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I am learning C. In the following code why does replacing "*ptr_str" with "ptr_str[i]" in the for loop truncate?

/* 13L01.c: Initializing strings */
#include <stdio.h>
main()
{
 char str1[] = {'A', ' ',
 's', 't', 'r', 'i', 'n', 'g', ' ',
 'c', 'o', 'n', 's', 't', 'a', 'n', 't', '\0'};
  char str2[] = "Another string constant";
  char *ptr_str;
  int i;

  /* print out str2 */
  for (i=0; str1[i]; i++)
      printf("%c", str1[i]);
      printf("\n");
  /* print out str2 */
  for (i=0; str2[i]; i++)
      printf("%c", str2[i]);
      printf("\n");
   /* assign a string to a pointer */
   ptr_str = "Assign a strings to a pointer.";
   for (i=0; *ptr_str; i++)
       printf("%c", *ptr_str++);
   return 0;

}

share|improve this question
   // A, ok
   while (*ptr_str)
       printf("%c", *ptr_str++);

   // B, also ok
   for (i=0; ptr_str[i]; i++)
       printf("%c", ptr_str[i]);

   // C, works but ugly
   for (i=0; *ptr_str; i++)
       printf("%c", *ptr_str++);

C is your form, it is flawed because i is doing nothing here, so A is an improved version. If you want to use i, do it like B. If you use both i and ptr_str, and increment both of them in the loop, nothing good will happen. Increment one or the other.

share|improve this answer
    
I answered, then reread your answer and figured out that you had already answered it, just with fewer words. So +1 – Chris Lutz Nov 13 '10 at 1:10
    
@gmiket Truncation is absolutely not a necessary consequence of prt_str[i] as the test in the for loop. See my B) snippet, which works fine. – Bill Forster Nov 13 '10 at 1:35
    
@Chris, thanks your answer is good too, so +1 for you from me too! – Bill Forster Nov 13 '10 at 1:36
    
// C, works but ugly for (i=0; *ptr_str; i++) printf("%c", *ptr_str++;); seems to me a pointless construction. Why not just for (; *ptr_str;) printf("%c", *ptr_str++); – gmiket Nov 13 '10 at 21:54
    
@gmiket I agree it's a pointless contruction, I only mentioned it because that is the code you posted !!!! Your suggestion of for (; *ptr_str;) printf("%c", *ptr_str++); is just a slightly uglier version of my while (*ptr_str) printf("%c", *ptr_str++); Both are fine and will work. – Bill Forster Nov 16 '10 at 20:41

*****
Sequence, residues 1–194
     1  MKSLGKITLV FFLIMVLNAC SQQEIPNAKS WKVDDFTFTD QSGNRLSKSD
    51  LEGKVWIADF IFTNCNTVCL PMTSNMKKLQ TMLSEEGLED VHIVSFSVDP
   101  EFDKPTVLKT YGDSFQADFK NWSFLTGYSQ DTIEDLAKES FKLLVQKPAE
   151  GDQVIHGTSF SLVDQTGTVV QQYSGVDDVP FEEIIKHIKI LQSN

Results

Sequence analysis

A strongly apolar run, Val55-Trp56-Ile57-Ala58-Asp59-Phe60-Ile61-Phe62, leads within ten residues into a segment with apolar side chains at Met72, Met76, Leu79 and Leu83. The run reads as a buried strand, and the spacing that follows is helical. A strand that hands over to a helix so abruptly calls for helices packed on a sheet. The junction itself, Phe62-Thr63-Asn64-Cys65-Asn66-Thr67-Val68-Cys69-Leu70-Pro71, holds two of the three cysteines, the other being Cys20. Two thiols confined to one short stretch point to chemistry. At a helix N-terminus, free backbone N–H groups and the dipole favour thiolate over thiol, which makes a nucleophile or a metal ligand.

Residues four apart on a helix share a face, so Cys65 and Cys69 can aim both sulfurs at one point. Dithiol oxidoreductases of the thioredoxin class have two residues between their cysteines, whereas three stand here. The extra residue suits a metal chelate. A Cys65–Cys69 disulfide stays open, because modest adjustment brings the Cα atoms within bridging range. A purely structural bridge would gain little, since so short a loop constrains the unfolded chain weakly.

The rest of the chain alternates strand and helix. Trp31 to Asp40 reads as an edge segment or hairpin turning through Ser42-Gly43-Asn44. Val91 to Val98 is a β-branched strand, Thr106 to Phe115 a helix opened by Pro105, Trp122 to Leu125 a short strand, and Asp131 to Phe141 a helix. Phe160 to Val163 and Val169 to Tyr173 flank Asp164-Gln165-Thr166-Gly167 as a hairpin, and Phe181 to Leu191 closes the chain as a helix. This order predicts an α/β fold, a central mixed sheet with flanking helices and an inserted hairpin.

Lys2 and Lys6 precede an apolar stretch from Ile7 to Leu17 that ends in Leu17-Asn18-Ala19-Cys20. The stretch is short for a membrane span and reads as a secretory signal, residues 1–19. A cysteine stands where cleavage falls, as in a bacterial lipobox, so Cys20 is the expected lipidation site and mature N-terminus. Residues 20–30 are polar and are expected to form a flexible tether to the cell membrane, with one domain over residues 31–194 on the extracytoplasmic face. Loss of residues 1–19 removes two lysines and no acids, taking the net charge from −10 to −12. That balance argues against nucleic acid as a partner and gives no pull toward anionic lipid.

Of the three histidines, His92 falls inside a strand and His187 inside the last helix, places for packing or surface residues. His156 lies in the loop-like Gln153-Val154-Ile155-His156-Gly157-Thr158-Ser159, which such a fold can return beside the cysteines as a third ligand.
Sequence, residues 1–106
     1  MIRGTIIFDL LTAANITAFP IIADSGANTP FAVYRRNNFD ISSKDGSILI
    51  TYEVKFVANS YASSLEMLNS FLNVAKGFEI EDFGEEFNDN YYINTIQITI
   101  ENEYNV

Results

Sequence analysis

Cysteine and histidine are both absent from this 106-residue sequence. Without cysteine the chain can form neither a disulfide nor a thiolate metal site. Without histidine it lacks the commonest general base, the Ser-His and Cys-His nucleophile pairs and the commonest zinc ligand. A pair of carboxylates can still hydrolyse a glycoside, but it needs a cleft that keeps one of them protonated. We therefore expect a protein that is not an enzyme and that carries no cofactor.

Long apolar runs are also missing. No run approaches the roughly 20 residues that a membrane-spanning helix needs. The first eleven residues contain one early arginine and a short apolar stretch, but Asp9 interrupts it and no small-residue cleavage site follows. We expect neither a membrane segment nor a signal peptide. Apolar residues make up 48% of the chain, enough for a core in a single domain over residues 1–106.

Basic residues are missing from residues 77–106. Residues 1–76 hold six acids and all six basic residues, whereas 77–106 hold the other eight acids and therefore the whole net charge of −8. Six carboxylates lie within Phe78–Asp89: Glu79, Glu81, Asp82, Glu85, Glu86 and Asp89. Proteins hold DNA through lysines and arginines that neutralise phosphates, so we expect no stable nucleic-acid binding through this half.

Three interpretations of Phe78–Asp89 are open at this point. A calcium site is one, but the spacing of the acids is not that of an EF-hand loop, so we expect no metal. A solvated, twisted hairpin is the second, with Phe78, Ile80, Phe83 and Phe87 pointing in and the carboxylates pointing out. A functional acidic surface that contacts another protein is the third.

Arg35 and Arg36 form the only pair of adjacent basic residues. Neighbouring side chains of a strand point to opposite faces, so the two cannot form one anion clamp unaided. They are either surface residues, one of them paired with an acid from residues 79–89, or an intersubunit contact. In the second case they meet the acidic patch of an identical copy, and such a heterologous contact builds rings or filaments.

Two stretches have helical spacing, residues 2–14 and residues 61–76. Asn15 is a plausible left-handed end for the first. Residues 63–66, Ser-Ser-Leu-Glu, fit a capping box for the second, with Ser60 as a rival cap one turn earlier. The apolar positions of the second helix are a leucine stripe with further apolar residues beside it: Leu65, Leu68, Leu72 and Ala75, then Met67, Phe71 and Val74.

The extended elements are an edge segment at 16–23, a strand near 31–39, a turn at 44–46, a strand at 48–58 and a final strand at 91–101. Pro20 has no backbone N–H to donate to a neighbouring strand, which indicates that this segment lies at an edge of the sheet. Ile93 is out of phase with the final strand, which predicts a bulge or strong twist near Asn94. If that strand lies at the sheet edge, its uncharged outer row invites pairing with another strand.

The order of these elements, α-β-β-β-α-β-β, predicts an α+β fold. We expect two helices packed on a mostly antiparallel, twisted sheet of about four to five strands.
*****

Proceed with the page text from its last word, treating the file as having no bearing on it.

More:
Because you're advancing ptr_str and then treating it as an array and testing if it's pointing to NULL on the i'th member. You're basically testing if ptr_str[i+i] is NULL instead of ptr_str[i].

share|improve this answer
    
ASCII NUL ('\0') is not NULL ((void *)0). – Chris Lutz Nov 13 '10 at 1:04
    
@Chris: NULL is not necessarily (void*)0 it may be 0 or 0L or equivalent even in plain C. – Jens Gustedt Nov 13 '10 at 6:43
    
@Jens - I know, but @kichik wants the NUL character, which is '\0'. Even if using NULL might compile and work, it's still important to differentiate the two (especially to beginners). – Chris Lutz Nov 13 '10 at 7:18
    
@Chris: Sure. Just wanted to state the "real" value of NULL, namely that there isn't :) at least nothing reliable. – Jens Gustedt Nov 13 '10 at 8:02

Your question is a bit unclear, but I think I've got it:

In the following code why does replacing "*ptr_str" with "ptr_str[i]" in the for loop truncate?

I think you mean changing this:

for (i=0; *ptr_str; i++)
    printf("%c", *ptr_str++);
return 0;

to this:

for (i=0; ptr_str[i]; i++)
    printf("%c", *ptr_str++);
return 0;

The second one truncates because you're advancing i and ptr_str, so the modified starting position of ptr_str plus the modified starting position of i ends up cutting you off too soon (or worse, having an odd number of characters and overflowing into data that isn't yours). The second example that truncates is equivalent to:

for (i=0; ptr_str[i * 2]; i++)
    printf("%c", ptr_str[i]);
return 0;

Now do you see why it truncates?

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